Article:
E-cigarette use up, traditional smoking down among youth
Although cigarette smoking among high school students has decreased from 28% in 1991 to 11% in 2015, nearly a quarter reported using e-cigarettes during the past 30 days, according to survey data released by the CDC.
Unveiling the results of the 2015 National Youth Risk Behavior Survey (YRBS), which collects data from national, state and large urban school districts every 2 years, to monitor the various health decisions made by students in grades 9 through 12, CDC officials noted a similar trend among other categories: Despite some great progress in each category, new challenges continue to surface
“YRBS is really important because it tells us what high school students across the country are doing that could affect their health,” Stephanie Zaza, MD, MPH, FACPM, director of the CDC’s Division of Adolescent and School Health, said during a telephone press conference. “We know that adolescence is a time when healthy or risky behaviors are being established and these behaviors can last a lifetime…. In each topic, we are encouraged to see that high school students are making some better choices. Unfortunately, in each area, we are also still facing some big challenges.”
The 2015 YRBS report drew data from more than 15,000 students and includes results from the national YRBS and additional surveys in 37 states and 19 large urban school districts.
According to Zaza, cigarette smoking among high school students is at its lowest point since the CDC began the survey in 1991. However, the data also indicate that 24% of high school students reported using e-cigarettes, a development Zaza called “troubling.”
“This is the first time the YRBS has measured e-cigarette use,” Zaza said. “Recent national attention on the challenges of opiate addiction also affects our youth.”
According to the 2015 YRBS report, 17% of students had taken prescription drugs, including Oxycontin, Percocet, Vicodin, codeine, Adderall, Ritalin and Xanax, without a doctor’s prescription. That figure is down from 20% in 2009.
Other findings in the National YRBS report include:
- Among high school students who had driven a vehicle in the past 30 days, 42% reported texting or emailing while driving. This percentage did not change from the previous report in 2013. In some states, the rate of texting or emailing while driving among students reached 63%;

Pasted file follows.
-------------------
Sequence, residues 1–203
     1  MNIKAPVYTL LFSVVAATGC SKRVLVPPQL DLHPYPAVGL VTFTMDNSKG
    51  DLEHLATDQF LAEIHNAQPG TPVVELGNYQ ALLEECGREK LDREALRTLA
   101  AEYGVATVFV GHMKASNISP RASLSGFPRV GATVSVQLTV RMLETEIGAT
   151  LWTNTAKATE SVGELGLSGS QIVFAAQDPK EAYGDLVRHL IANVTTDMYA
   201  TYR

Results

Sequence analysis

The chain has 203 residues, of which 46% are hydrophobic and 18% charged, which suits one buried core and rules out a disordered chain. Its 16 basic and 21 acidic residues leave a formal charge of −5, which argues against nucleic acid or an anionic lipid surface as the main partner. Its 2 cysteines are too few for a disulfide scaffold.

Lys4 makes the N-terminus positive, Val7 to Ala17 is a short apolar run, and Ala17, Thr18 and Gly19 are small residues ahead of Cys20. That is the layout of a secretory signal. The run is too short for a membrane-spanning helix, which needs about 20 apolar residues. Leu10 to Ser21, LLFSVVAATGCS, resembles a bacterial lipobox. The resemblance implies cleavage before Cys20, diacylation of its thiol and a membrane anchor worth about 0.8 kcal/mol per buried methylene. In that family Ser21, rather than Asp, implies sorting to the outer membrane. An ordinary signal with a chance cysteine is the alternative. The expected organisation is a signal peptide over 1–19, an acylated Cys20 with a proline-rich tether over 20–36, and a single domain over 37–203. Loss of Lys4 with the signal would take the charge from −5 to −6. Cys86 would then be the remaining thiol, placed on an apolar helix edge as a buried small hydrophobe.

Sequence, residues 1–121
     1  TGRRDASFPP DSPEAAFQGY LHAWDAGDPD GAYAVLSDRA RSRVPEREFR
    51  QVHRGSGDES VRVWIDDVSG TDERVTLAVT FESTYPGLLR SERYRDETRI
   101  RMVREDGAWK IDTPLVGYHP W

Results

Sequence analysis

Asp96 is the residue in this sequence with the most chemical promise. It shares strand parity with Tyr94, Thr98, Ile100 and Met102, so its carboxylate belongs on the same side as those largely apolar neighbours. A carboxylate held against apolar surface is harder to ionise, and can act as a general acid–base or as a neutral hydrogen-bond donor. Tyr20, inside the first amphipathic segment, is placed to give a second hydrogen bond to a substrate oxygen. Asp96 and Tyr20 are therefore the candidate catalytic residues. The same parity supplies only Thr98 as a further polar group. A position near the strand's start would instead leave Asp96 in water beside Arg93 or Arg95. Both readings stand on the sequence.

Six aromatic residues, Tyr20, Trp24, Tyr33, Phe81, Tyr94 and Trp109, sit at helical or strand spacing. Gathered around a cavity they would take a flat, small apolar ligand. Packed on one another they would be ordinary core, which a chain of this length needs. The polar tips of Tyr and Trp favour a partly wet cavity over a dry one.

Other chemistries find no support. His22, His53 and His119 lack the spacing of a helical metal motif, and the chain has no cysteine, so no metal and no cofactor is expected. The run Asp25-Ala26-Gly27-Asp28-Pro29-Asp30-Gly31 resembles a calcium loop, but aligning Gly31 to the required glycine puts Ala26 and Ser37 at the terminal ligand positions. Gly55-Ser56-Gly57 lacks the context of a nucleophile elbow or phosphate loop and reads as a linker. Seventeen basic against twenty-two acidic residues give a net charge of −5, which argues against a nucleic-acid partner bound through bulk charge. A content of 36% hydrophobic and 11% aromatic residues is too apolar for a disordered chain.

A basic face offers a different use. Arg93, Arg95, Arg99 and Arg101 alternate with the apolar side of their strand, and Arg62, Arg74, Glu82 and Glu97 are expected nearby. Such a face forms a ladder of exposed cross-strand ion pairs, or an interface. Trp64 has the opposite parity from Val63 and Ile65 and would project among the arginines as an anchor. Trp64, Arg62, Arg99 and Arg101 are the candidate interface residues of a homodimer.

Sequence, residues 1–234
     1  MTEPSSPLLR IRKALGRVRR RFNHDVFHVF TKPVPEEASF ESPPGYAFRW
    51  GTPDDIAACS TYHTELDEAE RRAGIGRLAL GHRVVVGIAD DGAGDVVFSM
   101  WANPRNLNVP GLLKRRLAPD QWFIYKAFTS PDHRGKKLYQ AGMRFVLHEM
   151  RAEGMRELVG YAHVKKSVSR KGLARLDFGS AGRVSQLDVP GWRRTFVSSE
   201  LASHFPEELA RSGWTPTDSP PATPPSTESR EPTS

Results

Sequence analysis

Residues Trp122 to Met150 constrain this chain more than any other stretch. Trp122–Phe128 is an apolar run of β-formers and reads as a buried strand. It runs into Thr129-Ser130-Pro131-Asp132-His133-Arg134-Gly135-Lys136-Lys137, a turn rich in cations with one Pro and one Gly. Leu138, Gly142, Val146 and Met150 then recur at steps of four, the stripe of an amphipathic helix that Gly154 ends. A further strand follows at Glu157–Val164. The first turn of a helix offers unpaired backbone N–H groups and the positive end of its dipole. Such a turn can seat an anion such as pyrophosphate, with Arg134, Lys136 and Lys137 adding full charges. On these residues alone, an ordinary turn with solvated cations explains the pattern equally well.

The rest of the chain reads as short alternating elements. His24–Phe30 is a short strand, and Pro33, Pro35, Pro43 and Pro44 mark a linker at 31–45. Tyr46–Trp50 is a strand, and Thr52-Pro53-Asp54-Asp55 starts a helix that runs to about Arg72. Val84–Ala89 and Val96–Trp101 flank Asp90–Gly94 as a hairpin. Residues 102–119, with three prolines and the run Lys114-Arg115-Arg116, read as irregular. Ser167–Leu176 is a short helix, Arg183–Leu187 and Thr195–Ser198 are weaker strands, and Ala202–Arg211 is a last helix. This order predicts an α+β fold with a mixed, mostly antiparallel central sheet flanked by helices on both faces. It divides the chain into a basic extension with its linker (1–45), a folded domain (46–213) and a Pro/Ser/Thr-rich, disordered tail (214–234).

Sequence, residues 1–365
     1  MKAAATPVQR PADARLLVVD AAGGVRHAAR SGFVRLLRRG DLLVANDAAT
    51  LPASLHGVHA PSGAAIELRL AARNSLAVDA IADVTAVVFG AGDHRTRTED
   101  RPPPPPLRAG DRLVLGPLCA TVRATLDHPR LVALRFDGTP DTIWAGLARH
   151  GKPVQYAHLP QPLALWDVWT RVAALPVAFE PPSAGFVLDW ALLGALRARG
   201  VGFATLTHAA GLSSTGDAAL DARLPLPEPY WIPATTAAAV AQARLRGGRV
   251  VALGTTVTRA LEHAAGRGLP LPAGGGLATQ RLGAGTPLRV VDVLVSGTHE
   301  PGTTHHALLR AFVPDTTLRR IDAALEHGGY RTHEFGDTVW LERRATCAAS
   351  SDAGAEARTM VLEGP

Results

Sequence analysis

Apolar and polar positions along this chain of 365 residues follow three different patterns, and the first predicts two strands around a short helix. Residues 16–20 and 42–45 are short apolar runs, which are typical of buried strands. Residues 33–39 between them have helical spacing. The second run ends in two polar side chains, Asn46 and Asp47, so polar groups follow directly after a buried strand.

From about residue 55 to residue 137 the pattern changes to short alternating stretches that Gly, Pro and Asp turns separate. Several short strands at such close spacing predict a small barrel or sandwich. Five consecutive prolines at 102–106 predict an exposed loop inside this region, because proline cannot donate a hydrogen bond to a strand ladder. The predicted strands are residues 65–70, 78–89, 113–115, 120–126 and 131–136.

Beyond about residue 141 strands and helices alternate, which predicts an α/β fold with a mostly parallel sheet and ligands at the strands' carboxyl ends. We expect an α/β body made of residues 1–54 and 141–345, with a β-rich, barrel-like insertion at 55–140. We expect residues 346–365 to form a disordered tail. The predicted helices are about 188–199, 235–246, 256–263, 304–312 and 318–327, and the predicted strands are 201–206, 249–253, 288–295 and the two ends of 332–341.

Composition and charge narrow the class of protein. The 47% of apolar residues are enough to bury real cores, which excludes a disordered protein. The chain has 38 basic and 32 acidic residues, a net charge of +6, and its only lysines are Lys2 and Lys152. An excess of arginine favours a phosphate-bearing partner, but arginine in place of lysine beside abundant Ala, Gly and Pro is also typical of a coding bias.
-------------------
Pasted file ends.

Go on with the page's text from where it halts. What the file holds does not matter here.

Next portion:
- The percentage of high school students who had been in a physical fight during the past 12 months decreased from 42% in 1991 to 23% in 2015. In addition, 6% of students reported missing at least 1 day of school due to safety concerns, down from 7% in 2013;
- The percentage of high school students who reported being sexually active — defined as having sexual intercourse during the past 3 months — dropped from 38% in 1991 to 30% in 2015. Sexual activity had been reported among 34% of participants in 2013. However, condom use among those sexually active decreased, from 63% in 2003 to 57% in 2015, following more than a decade of increasing rates that peaked in the early 2000s. Condom use dropped modestly from 59% in 2013;
- Among those who were sexually active, the proportion of those who drank alcohol or used drugs before their last sexual intercourse decreased from 25% in 1991 to 21% in 2015. In 2013 rate had been 22%. However, the percentage of students who had ever been tested for HIV decreased from 13% in 2011 and 2013 to 10% in 2015; and
- Daily soda drinking among high school students decreased from 27% in 2013 to 20% in 2015. However, from 2003 to 2015, the rate of high school students playing video or computer games, or using a computer for non-school-related purposes, for 3 or more hours per day, nearly doubled, from 22% to 42%.
“This year’s YRBS report clearly shows that fewer high school students are engaging in some important health risk behaviors, but we still have some progress to make,” Zaza said. “There’s no single solution to reduce health risk behaviors among high school students, and we can all collaborate to help address these health risks, using interventions that are based on the best science available…. We hope that public health professionals, educators, youth service providers and policy makers can use these data to guide their planning decisions and help schools and communities reduce youth risk behaviors that are still prevalent, and to monitor those that are newly emerging.” – by Jason Laday